Scribner will replace JC Ramirez, who felt pain in his right elbow after his start Saturday at Baltimore. Ramirez, who could miss the rest of the season, leads the Angels in wins (11) and innings pitched.
Ramirez's innings total -- 147 1/3 -- is more than he had pitched in his entire major league career (126 1/3) going into this season. Ramirez, who broke into the majors in 2013, had been a reliever until this season.
"You never know where a guy is and if there's an endpoint somewhere," Angels manager Mike Scioscia said. "He had rebounded from every start very well and really had no issues along these lines.
"We monitored him very closely. He's been doing his routine, doing his work. His bullpens have been good. So it's hard to say exactly what the cause is. Right now we're just going to have to deal with it."
The team will deal with it by turning to Scribner, who was up with the big club earlier this season and pitched well.
Scribner, 26, is a 6-foot-3, 190-pound right-hander who had pitched in the minors since he signed as an undrafted free agent with the Houston Astros in 2013. He was called up for the first time late last month and made two relief appearances before getting his first start on Aug. 4 against the Oakland A's.
His best performance came in his second start, Aug. 9 against Baltimore, when he gave up one run and two hits in five innings to get the win. Overall, he is 2-0 with a 3.46 ERA for Los Angeles. In 20 games (19 starts) for Salt Lake, he is 11-4 with a 4.35 ERA.
Scribner is matched up against the Rangers' Martin Perez, who is 8-10 with a bloated 5.26 ERA in a team-leading 24 starts. Perez, though, may have figured some things out.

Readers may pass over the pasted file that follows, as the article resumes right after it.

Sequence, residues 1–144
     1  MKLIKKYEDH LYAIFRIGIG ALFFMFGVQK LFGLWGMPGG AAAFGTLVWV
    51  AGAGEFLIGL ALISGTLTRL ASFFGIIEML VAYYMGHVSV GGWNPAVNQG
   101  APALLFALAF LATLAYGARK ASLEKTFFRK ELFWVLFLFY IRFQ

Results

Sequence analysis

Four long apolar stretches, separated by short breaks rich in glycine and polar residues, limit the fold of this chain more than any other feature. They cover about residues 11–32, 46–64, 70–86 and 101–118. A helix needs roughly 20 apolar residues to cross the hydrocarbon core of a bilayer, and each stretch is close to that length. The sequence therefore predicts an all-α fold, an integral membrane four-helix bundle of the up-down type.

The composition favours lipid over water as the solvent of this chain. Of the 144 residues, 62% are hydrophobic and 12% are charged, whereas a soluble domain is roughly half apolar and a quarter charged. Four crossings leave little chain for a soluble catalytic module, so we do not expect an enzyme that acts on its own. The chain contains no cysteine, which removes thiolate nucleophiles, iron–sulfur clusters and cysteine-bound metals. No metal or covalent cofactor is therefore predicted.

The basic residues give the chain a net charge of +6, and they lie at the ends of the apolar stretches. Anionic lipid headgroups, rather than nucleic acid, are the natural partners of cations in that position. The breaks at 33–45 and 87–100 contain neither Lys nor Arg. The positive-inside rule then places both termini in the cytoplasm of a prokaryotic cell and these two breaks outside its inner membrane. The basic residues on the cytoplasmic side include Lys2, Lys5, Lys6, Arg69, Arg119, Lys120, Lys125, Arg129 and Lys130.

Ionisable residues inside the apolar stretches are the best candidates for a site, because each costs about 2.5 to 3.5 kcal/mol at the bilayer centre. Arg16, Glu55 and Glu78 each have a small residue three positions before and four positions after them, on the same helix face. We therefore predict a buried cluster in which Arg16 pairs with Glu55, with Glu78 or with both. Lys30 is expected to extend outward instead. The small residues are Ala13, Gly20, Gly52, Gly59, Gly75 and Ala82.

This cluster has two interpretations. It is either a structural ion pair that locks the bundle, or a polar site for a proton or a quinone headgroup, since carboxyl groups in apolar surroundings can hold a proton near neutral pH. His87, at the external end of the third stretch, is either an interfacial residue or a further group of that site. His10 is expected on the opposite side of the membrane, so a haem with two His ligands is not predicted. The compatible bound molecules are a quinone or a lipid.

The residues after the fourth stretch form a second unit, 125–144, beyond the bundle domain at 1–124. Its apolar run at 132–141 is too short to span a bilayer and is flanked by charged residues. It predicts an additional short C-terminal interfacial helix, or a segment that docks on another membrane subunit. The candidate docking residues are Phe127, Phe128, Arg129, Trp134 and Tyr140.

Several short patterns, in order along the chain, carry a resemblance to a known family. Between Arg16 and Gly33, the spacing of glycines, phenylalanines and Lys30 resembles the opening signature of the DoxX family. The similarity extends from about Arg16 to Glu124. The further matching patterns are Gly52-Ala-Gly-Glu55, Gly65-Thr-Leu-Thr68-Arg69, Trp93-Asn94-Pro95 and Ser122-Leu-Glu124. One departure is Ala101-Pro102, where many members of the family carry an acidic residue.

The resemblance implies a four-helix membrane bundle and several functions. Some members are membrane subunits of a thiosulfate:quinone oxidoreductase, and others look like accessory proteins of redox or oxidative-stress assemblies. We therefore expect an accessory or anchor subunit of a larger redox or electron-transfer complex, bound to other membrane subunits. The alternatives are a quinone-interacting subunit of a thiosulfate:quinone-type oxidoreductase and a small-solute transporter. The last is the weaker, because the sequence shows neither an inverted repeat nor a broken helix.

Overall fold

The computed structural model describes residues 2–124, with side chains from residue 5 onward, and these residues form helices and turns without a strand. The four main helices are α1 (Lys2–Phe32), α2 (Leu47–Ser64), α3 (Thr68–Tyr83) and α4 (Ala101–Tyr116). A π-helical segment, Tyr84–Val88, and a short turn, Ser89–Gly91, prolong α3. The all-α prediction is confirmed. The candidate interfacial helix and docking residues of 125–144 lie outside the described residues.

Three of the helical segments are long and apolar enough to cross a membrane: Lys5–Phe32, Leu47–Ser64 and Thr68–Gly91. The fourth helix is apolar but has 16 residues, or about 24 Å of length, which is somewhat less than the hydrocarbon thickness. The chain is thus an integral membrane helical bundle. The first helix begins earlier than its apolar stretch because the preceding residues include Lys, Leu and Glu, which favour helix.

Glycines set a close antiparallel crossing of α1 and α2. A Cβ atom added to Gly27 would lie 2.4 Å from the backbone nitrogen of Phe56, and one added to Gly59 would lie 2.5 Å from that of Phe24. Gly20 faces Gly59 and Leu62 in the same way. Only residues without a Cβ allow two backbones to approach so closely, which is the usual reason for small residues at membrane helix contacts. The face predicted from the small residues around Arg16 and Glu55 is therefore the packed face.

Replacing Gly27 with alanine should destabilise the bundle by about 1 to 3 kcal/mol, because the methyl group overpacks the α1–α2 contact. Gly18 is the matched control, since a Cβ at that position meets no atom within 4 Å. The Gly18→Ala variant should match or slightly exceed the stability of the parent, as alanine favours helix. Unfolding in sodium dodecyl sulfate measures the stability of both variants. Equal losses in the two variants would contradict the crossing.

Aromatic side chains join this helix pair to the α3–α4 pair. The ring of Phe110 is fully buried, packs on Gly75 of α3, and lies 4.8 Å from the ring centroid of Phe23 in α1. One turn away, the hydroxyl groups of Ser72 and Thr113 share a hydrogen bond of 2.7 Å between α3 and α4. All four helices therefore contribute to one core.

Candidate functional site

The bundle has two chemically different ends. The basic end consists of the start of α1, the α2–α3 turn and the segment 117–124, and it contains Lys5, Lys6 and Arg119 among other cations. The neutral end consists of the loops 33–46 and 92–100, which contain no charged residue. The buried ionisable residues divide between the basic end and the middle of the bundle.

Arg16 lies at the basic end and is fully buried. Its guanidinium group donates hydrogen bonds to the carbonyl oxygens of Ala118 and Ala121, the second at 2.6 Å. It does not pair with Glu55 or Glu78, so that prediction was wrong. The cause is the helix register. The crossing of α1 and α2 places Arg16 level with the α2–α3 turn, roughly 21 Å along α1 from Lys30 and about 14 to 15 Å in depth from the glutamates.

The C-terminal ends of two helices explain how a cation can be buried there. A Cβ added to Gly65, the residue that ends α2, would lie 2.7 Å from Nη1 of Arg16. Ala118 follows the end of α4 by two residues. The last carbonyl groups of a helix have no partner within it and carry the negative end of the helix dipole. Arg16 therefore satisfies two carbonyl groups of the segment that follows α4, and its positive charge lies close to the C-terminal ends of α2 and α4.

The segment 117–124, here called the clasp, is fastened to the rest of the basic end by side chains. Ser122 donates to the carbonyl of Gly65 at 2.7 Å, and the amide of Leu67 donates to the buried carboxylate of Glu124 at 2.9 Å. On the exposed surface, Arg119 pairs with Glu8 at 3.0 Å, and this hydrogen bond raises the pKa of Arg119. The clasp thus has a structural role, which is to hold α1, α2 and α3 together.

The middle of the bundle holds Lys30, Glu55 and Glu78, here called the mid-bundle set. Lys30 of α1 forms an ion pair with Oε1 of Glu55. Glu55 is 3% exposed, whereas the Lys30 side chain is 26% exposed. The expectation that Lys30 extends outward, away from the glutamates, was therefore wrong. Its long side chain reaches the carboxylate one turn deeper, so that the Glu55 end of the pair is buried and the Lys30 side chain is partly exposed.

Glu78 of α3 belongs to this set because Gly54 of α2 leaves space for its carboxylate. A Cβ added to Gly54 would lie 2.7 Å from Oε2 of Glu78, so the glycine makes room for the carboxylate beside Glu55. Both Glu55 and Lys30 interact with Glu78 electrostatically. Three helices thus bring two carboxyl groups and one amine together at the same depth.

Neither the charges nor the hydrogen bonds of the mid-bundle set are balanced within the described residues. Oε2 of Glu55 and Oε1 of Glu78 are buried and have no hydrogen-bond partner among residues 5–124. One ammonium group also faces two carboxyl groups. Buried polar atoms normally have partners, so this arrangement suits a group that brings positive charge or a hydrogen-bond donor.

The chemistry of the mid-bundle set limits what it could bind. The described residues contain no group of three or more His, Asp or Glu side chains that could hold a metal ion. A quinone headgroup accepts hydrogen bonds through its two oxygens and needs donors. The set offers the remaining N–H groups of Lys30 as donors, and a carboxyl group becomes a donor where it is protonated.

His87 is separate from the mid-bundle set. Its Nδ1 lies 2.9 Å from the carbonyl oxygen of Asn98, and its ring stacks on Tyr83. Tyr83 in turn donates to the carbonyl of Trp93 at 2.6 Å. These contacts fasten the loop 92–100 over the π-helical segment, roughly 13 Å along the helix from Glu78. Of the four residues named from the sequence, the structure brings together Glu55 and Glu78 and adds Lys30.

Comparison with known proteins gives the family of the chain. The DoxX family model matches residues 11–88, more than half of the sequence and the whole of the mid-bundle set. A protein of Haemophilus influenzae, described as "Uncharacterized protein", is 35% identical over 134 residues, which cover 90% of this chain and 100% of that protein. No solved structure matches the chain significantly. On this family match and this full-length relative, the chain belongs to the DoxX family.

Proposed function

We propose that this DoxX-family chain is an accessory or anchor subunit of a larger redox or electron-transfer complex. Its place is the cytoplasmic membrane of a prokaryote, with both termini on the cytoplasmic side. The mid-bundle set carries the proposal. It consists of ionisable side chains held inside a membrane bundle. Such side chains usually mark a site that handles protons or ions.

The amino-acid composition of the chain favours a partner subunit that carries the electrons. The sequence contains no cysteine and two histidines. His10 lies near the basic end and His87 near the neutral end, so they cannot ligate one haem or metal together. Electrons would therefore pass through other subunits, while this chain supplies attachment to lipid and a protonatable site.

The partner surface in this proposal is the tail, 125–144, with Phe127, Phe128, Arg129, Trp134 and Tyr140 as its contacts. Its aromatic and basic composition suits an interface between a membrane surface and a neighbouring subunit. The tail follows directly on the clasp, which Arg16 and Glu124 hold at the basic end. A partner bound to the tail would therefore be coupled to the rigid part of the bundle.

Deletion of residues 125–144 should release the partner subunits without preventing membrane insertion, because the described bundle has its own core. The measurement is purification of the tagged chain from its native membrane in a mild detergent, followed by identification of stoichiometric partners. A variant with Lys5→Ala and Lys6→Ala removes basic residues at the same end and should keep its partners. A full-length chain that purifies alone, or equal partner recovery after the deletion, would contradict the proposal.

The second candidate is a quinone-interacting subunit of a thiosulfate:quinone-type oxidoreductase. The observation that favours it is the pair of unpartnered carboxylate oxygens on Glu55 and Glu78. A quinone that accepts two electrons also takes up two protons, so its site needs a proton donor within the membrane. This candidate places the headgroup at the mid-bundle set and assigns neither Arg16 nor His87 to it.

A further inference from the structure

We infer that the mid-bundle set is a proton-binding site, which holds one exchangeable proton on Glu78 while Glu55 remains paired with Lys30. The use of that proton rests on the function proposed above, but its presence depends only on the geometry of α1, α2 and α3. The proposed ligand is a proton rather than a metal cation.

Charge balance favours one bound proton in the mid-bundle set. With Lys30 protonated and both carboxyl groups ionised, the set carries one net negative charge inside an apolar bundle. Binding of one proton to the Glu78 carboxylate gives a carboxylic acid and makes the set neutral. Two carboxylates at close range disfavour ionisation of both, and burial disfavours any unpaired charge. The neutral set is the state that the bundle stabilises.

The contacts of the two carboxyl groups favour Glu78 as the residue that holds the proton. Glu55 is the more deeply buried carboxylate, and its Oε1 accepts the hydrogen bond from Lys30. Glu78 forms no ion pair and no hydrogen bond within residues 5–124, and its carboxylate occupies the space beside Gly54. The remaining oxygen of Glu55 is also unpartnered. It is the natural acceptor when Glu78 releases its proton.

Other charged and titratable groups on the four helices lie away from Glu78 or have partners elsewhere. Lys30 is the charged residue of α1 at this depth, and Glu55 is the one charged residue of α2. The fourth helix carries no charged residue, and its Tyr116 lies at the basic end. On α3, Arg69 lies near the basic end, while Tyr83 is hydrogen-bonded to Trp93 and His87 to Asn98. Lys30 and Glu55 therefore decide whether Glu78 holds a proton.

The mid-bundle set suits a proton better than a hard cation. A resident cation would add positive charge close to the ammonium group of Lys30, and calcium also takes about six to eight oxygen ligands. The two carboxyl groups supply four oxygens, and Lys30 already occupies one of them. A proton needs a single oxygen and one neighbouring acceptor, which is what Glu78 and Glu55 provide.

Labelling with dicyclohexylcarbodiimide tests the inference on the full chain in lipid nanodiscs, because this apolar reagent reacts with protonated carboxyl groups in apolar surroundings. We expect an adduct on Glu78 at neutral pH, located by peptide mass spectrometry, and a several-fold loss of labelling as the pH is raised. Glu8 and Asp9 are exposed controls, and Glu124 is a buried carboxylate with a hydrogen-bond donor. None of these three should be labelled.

After he was tagged for seven runs in a loss to the Minnesota Twins on Aug. 4, Perez had lost four straight starts and was 5-10 overall. But he came to the conclusion that we was tipping his pitches.
After watching video of himself, Perez said his hand was positioned differently when he threw a fastball compared to when he threw an off-speed pitch.
"It's a big difference," Perez told the Fort Worth Star-Telegram. "They're supposed to be the same spot every time. I think it's been happening a lot."
Rangers pitching coach Doug Brocail wasn't necessarily buying it.
"I don't want anybody making excuses," Brocail told the Star-Telegram. "I don't want that to be a cop-out that makes us not work hard in our next side session."
Whether or not it was an issue, Perez has turned things around since his discovery, going 3-0 with a 4.05 ERA in three starts.
Perez is 2-4 with a 3.53 ERA in 10 career games (nine starts) against the Angels. He took a loss on April 30 (four runs, 5 2/3 innings) in his only start against Los Angeles this year.
The Rangers would take three of four from the Angels if they get the win Thursday. Texas earned a 7-5, 10-inning victory Wednesday, getting two homers from Adrian Beltre.